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Surprising findings on what influences unintended pregnancy from Wise, Geronimus and Smock

Recommendations on how to reduce discrimination resulting from ban-the-box policies cite Starr's work

Brian Jacob on NAEP scores: "Michigan is the only state in the country where proficiency rates have actually declined over time."

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Call for papers: Conference on computational social science, April 2017, U-M

Sioban Harlow honored with 2017 Sarah Goddard Power Award for commitment to women's health

Post-doc fellowship in computational social science for summer or fall 2017, U-Penn

ICPSR Summer Program scholarships to support training in statistics, quantitative methods, research design, and data analysis

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Mon, March 13, 2017, noon:
Rachel Best

The effect of neighborhood context on the drug use of American Indian youth of the Southwest

Archived Abstract of Former PSC Researcher

Yabiku, Scott T., A. Dixon Rayle, S. Okamoto, F. Marsiglia, and S. Kulis. 2007. "The effect of neighborhood context on the drug use of American Indian youth of the Southwest." Journal of Ethnicity in Substance Use, 6(2): 181-204.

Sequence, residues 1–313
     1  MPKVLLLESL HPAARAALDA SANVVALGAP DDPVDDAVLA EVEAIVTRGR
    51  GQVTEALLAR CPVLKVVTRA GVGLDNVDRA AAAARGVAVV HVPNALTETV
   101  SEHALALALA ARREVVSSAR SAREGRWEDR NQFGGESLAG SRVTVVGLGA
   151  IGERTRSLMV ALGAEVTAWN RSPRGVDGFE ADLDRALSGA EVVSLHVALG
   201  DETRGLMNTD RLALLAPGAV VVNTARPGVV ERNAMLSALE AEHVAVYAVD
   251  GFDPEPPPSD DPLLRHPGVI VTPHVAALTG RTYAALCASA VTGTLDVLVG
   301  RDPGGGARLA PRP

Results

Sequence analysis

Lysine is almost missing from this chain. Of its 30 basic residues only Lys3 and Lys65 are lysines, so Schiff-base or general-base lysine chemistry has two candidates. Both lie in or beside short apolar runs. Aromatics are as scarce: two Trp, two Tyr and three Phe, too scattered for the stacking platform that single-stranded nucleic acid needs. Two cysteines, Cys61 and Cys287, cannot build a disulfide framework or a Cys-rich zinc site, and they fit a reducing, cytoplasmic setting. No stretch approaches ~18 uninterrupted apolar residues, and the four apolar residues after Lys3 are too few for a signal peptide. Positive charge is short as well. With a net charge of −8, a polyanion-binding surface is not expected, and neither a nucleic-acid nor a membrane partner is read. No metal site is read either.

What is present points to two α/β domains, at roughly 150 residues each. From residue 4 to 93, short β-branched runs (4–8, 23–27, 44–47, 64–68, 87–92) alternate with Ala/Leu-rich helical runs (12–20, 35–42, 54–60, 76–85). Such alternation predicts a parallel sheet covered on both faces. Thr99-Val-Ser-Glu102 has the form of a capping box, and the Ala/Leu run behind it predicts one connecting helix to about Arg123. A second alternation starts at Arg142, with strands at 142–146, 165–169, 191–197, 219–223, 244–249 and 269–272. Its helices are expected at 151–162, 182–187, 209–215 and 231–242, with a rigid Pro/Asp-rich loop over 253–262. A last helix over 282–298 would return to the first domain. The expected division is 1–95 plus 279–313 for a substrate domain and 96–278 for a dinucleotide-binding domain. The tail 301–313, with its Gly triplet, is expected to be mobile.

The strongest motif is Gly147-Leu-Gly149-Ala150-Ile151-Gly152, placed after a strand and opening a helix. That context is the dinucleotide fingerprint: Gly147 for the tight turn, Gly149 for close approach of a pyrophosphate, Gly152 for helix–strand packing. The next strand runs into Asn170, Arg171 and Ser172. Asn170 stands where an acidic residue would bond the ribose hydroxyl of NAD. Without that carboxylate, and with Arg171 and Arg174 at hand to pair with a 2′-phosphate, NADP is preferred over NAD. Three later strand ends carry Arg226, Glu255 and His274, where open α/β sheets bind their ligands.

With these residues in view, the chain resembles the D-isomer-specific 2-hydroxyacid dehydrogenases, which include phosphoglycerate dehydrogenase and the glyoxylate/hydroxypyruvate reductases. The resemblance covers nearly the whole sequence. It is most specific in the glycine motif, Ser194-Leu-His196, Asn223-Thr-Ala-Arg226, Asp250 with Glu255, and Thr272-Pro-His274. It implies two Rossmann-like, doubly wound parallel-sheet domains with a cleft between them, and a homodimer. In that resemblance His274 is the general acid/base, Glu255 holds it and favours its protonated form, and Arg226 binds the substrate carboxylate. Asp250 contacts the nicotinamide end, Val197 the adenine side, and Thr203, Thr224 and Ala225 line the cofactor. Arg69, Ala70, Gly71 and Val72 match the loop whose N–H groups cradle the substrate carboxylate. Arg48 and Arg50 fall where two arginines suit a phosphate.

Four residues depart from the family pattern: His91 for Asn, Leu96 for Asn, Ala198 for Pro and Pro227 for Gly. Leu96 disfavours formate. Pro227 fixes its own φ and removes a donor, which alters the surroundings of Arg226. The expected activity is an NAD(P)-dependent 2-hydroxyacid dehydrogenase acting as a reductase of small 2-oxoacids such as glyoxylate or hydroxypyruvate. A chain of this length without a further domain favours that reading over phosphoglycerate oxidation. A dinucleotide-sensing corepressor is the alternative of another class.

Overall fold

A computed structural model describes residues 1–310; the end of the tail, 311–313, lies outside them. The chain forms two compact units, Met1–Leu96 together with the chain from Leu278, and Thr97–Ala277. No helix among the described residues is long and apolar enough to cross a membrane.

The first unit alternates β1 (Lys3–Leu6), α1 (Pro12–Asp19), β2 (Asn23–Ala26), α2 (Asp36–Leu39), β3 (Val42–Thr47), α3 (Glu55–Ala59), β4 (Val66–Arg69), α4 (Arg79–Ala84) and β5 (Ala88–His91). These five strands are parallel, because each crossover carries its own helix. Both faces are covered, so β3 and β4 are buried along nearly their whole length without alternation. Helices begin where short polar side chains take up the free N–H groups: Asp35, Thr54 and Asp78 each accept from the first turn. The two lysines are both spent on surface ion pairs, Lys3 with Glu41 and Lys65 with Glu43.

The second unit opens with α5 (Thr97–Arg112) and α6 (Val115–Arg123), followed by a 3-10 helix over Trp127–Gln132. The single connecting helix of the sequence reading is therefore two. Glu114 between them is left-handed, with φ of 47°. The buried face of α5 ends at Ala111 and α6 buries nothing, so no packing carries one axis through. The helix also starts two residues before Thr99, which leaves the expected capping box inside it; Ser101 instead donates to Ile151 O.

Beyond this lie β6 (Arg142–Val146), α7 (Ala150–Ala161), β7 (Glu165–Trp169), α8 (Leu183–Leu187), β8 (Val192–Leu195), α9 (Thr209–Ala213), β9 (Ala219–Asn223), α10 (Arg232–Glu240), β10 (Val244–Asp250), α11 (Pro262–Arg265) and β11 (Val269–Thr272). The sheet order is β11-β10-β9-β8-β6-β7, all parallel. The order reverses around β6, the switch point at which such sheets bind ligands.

This study examined neighborhood effects on the drug use of American Indian youth of the Southwest. We compared these effects with American Indian and non-American Indian youth in order to examine the universality of neighborhood disorganization as a risk factor for drug use. Neighborhood level variables included unemployment, poverty, education, and violent crime rate. Results indicated that American Indian youth were not as adversely affected by these neighborhood factors. American Indian youth may possess cultural characteristics that protect them from the adverse effects of neighborhood disorganization, including close familial relationships and ethnic pride. Culturally competent practice with American Indian youth may best be implemented through the enhancement of relational and cultural strengths as described in the literature.

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